Patient Data Access News

Why Do Patients Quit Chronic Care Self-Management Programs?

Many patients lose motivation to continue a digital chronic care self-management program.

Lack of motivation drives patients to quit chronic care self-management programs.

Source: Thinkstock

By Sara Heath

- Digital chronic care self-management programs need to be at least somewhat tailored to individual patients and include face-to-face clinician interactions to maintain high intervention adherence, according to research published in the Journal of Medical Internet Research.

Digital technology is an emerging tool used to help patients with a chronic disease manage the condition on their own. eHealth interventions are particularly useful for patients with type 2 diabetes, who spend most of their time outside of the hospital or doctor’s office.

However, these interventions rarely see high attrition rates. Chronic care management programs have dropout rates as high as 80 percent, the team reported. Understanding the reasons for intervention non-adherence will be key for clinicians and eHealth developers to create stronger programs that spur more patient participation.

The research team explored the reasons for program dropout by surveying 12 patients with type 2 diabetes who dropped out of the Guided Self-Determination digital self-management program. Overall, the patients said they dropped out of the program because of a loss of motivation.

Loss of patient motivation boiled down to four individual factors, the research team said: frustration with health technology, the perception that content was incomprehensible or irrelevant, choosing other activities or perspectives for self-management, and lacking face-to-face encounters.

The researchers suggested including periodic face-to-face interactions between patients and nurses as the first step to improving the eHealth self-management program. Improving patient-provider communications will help alleviate other program pain points, the team suggested.

“Our findings suggest that the current eHealth intervention was seen as less important when the participants had to engage in it on their own time and had no standing appointment with the nurse,” the researchers reported.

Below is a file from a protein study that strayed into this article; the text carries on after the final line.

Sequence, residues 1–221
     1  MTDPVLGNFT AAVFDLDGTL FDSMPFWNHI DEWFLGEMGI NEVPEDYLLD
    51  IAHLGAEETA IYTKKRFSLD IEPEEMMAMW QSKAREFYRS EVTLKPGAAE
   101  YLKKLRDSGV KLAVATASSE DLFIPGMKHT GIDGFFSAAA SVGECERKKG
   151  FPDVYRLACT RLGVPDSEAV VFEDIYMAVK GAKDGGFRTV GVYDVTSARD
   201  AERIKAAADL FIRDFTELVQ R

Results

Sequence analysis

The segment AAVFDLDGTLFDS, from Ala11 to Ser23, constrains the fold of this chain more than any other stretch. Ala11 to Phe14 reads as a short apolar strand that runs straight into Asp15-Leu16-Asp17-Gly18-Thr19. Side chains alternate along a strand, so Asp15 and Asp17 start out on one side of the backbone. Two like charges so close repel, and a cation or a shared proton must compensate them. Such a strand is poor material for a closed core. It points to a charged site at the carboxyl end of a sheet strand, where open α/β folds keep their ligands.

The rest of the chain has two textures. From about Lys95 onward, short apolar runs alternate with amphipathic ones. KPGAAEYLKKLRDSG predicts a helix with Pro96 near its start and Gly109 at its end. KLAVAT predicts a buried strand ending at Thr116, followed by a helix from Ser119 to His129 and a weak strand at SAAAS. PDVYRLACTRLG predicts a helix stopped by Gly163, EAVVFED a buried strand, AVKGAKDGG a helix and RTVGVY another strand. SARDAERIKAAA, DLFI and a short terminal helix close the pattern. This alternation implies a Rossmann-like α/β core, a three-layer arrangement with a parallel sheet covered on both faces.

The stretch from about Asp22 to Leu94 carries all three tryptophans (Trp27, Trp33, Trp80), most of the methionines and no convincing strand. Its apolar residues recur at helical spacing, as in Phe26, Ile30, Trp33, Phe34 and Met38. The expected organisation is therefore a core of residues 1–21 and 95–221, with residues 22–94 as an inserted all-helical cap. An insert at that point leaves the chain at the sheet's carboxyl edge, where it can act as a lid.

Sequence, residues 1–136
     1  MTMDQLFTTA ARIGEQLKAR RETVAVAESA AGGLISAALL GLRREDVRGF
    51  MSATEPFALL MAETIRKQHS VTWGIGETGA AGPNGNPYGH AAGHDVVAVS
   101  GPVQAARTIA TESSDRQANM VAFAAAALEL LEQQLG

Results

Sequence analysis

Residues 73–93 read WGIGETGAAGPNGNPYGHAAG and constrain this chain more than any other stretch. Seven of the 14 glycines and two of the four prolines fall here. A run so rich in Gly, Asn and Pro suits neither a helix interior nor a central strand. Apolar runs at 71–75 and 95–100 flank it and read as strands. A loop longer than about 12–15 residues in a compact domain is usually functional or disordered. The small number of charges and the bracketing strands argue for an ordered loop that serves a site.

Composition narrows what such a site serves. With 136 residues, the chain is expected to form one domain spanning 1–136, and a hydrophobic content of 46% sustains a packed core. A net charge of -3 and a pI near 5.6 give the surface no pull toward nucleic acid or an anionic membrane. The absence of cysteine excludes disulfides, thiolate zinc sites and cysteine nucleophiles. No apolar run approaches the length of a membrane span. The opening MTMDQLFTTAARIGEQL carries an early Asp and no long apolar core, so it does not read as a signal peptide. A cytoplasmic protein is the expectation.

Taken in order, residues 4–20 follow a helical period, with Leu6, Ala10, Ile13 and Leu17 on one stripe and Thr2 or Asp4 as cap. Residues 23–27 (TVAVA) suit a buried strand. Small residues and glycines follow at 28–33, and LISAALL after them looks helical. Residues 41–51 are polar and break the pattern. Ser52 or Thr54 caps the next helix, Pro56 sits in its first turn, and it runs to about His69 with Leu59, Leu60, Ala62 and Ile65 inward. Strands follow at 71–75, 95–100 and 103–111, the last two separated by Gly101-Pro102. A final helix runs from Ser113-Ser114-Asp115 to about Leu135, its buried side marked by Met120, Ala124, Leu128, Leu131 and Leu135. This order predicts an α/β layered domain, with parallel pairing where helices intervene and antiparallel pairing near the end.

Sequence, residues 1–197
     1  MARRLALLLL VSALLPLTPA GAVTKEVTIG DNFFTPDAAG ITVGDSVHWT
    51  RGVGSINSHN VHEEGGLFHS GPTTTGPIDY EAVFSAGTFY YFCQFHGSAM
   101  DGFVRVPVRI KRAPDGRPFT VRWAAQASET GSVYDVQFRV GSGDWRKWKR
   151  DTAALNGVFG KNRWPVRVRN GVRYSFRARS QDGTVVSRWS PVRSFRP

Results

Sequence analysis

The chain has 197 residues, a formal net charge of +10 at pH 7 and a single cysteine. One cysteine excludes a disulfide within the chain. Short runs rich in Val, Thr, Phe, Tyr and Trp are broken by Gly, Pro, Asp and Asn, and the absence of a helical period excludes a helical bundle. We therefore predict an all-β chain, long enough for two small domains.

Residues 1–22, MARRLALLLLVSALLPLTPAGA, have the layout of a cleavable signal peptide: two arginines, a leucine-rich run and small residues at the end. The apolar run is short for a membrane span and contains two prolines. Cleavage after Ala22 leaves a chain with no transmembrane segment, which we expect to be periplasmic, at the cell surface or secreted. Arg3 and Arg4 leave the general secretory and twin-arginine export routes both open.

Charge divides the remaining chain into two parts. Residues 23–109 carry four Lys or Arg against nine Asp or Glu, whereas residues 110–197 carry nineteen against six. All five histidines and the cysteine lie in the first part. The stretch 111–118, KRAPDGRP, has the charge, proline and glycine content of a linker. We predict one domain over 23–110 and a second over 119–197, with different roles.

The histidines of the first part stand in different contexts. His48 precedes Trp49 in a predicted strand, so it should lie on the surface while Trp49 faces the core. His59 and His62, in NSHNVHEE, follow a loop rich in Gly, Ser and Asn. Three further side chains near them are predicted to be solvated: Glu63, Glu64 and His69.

“eHealth combined with regular consultations may be an important topic in future research, to facilitate the personal relationship between the participants and the health care personnel needed to motivate those who truly need and could benefit from self-management support interventions,” the research team continued.

Stronger participant and clinician interactions can help program administrators tailor the intervention to individual patients. Clinicians and eHealth developers should create programs that cater intervention benefits, content, and goals to individual patient preferences. Program administrators can use periodic patient self-assessments to change the course of the program where necessary, further individualizing it.

“It seems important to provide potential participants tailored information about the aim, the content, and the effort needed to remain engaged in the GSD intervention in order to recruit eligible participants who want to take part in and value such an intervention,” the research team said. “Filling out reflection sheets electronically and communicating in writing could affect participants’ perception of the purpose and value of the questions.”

Finally, chronic care self-management programs should leverage more user-friendly and high-security technologies.

“The frustrating technology may have thwarted the participants’ sense of competence in managing the Web solution, and thus, reduced their engagement with the intervention,” the researchers said.

“This points to the importance of facilitating more user-friendly but high security-level eHealth technology that would support users’ sense of competence in managing the solution, and thus, increase their autonomous motivation for intervention engagement,” the team recommended.

Clinicians and intervention administrators can also deliver instructions to improve patient eHealth literacy.

These findings are only speculation, the researchers cautioned. The study yielded a small sample size with an uneven gender distribution, potentially skewing the results.

The researchers additionally noted that interviewing patients – and not program administrators or nurses – offered only a single perspective into intervention non-adherence.

These limitations suggest further research.

Nonetheless, understanding at least some of the reasons for low program attrition is a step forwarding in improving digital chronic care management, the team maintained.

“Dropout and nonuse are thus major challenges in eHealth interventions, including those offering self-management support and personalized feedback,” the researchers concluded. “This makes it imperative to explore experiences of such interventions among people who drop out.”


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